Among all the news snippets, columns, editorials, features and images lies the daily cartoon. It’s mostly a sharp, observant commentary on a current trending topic. It takes a keen sense of observation, knowledge of daily affairs, ready wit and oftentimes, courage, to produce a pertinent sketch. Right from R.K. Laxman, Bal Thackeray, Hemant Morparia to Satish Acharya, India has produced a spate of cartoonists par excellence. Their work has been condemned and accused of toeing the line more than once, but they seek to provide a mirror to the idiosyncrasies of society. A few of our favourites.
As with everything else in our country, cartoons come not without controversy. A hue and cry was raised when Aseem Trivedi made that Satyameva Jayate sketch. Open magazine’s Devil’s Choice cover illustration created quite a stir. Amongst all these men stands Kanika Mishra. Her cartoons gained popularity when she decided to take a stand against Asaram Bapu and his acts of sexual misconduct against women. Threatened, abused and subjected to violence, not once did she buckle under pressure and churned out sketch after sketch supporting women. Her resilience paid off. She shared the Cartoonists Rights Network International’s Award for Courage in Editorial Cartooning with Palestinian cartoonist Majda Shaheen on October 11.
Q&A with Kanika Mishra
1. Why cartoons? It could have been any other art form…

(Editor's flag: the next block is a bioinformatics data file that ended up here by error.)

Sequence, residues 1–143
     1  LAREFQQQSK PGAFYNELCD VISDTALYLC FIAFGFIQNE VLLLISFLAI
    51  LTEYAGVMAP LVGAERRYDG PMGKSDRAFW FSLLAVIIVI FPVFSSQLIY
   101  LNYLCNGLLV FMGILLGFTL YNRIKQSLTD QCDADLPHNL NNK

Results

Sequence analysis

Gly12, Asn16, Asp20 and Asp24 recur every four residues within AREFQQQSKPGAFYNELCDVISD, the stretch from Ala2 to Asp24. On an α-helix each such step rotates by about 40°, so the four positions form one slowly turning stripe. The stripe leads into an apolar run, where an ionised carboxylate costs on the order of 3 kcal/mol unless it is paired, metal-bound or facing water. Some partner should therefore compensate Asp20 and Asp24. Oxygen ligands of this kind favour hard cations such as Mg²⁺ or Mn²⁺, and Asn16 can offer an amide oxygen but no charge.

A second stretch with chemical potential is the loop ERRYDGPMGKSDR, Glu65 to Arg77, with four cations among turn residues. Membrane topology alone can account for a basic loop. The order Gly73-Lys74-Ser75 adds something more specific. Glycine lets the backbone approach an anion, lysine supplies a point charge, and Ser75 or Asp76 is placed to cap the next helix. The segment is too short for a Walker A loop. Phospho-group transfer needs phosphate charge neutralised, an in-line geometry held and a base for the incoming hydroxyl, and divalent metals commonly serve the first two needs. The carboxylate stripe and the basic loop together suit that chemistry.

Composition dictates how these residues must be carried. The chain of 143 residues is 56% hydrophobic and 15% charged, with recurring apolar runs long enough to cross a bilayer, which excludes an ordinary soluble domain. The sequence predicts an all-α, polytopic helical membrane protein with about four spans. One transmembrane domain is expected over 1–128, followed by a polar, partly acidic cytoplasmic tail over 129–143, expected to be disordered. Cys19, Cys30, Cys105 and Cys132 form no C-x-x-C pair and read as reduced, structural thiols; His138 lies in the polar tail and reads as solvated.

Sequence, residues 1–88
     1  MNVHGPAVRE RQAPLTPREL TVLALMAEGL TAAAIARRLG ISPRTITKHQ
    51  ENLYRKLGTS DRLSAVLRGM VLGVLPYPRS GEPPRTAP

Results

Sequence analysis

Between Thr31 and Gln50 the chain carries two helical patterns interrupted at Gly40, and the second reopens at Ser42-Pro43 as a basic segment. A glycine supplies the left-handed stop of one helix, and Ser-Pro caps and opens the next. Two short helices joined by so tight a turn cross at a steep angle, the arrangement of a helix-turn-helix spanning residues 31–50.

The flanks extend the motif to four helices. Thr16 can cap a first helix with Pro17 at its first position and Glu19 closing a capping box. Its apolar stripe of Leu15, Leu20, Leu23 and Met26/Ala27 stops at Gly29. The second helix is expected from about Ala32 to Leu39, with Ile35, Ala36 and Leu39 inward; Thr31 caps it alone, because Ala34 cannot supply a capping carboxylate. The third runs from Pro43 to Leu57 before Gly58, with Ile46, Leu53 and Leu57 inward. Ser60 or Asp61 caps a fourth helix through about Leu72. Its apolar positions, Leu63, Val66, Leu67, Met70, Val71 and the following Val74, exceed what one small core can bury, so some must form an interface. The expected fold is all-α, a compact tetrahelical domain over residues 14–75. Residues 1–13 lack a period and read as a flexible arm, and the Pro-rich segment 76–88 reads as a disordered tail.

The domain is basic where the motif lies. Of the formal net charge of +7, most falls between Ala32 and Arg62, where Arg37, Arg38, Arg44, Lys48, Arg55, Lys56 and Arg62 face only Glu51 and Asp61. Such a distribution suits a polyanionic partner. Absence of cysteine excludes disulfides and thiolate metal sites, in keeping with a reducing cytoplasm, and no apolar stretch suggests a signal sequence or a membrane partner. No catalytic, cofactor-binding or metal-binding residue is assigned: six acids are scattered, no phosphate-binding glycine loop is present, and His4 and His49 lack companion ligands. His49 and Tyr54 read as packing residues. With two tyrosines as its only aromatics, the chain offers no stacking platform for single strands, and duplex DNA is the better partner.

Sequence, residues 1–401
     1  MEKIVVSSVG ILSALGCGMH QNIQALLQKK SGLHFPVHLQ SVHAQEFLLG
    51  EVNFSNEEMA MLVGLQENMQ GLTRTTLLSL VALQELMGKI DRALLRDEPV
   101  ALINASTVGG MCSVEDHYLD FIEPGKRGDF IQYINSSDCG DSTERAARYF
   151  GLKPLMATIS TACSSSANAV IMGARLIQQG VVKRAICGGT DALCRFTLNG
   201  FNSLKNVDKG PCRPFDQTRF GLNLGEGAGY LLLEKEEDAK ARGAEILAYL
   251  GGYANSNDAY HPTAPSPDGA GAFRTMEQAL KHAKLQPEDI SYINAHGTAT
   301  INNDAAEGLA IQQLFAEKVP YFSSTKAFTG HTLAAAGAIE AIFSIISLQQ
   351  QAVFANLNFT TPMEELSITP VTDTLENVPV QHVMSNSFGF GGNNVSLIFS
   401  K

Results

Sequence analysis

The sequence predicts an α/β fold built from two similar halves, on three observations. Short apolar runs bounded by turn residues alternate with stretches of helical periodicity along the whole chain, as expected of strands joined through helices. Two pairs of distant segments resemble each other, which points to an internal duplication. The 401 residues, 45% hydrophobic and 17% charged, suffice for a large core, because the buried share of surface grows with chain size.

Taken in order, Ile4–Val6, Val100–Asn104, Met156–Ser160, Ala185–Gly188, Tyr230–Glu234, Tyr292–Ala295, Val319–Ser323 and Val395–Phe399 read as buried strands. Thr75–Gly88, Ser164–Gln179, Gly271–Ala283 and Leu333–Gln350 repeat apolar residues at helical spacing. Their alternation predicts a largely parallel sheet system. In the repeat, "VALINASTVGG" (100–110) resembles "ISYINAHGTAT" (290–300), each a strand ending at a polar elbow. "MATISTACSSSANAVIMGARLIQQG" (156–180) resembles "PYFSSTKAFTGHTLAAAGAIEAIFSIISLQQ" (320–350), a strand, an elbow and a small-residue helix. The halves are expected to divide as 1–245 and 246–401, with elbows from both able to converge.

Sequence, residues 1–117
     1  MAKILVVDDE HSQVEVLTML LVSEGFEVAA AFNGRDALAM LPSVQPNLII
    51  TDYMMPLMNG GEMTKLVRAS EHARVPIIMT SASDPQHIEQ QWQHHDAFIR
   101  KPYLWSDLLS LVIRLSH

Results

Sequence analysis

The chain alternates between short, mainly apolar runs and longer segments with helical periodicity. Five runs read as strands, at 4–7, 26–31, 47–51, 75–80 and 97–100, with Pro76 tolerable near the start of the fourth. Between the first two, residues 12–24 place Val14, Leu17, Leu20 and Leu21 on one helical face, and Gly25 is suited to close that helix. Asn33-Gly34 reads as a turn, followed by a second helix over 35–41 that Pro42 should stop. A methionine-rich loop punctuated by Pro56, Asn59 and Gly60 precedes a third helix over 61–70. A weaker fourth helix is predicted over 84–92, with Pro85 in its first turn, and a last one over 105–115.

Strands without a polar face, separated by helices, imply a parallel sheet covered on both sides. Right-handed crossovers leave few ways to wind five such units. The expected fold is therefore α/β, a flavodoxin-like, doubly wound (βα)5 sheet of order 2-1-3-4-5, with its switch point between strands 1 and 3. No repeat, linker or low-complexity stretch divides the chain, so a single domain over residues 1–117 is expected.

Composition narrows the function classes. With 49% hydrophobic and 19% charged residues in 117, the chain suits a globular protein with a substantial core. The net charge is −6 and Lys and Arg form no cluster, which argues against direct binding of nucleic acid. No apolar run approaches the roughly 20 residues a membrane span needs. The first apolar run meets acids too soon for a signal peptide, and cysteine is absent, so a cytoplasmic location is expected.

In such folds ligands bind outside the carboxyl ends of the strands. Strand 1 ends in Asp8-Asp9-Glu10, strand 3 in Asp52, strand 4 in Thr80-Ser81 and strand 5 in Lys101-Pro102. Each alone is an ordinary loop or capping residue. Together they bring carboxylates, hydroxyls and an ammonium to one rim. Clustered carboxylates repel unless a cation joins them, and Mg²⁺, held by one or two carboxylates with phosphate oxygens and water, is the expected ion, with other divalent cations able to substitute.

“I think cartooning is the best art form to make a powerful, strong comment on an incident in a humorous way. Besides that, it is my passion. I can express my views better with my drawings than anything else.”
2. Where does the name ‘Karnika Kahen’ come from?
“I wanted to express my views on the increasing crime rate against women and decided to come up with a female character. Karnika Kahen is the voice of any woman/girl who speaks what is in her mind, without fear.”
3. What has been the biggest challenge of being an activist through the medium of cartoons?
“People in India have no tolerance; they get offended very easily. Nobody likes it when something is said against their religious or political beliefs. It is the job of cartoonist to state facts. So, whenever I make a cartoon, a bunch of people get hurt. It creates a lot of pressure. Being true to yourself and self-censorship are the biggest challenges.”
4. How does it feel that an organisation like the Cartoonists Rights Network International (CRNI) has recognised your efforts?
“It feels great! I am at San Francisco right now for the award ceremony, attending The Association of American Editorial Cartoonist convention and meeting with friends from CRNI. These people are doing a great job, protecting the rights of freedom of speech of cartoonists all over the world.”
5. What’s the best part about your work?
“It gives me great creative satisfaction. Otherwise, I feel suffocated.”
6. What would be your advice to others following the same route?
“Follow your heart, be true to yourself and express what is there inside.”
7. As a feminist, what are your views on the position/status of women in our country?
“I think we need to work a lot on that. Things may have improved in big cities but in the interiors, we still face the old mindset, which is against the equality of both genders. But more than anything else, women need to stand for themselves. Only then, real change will happen.”
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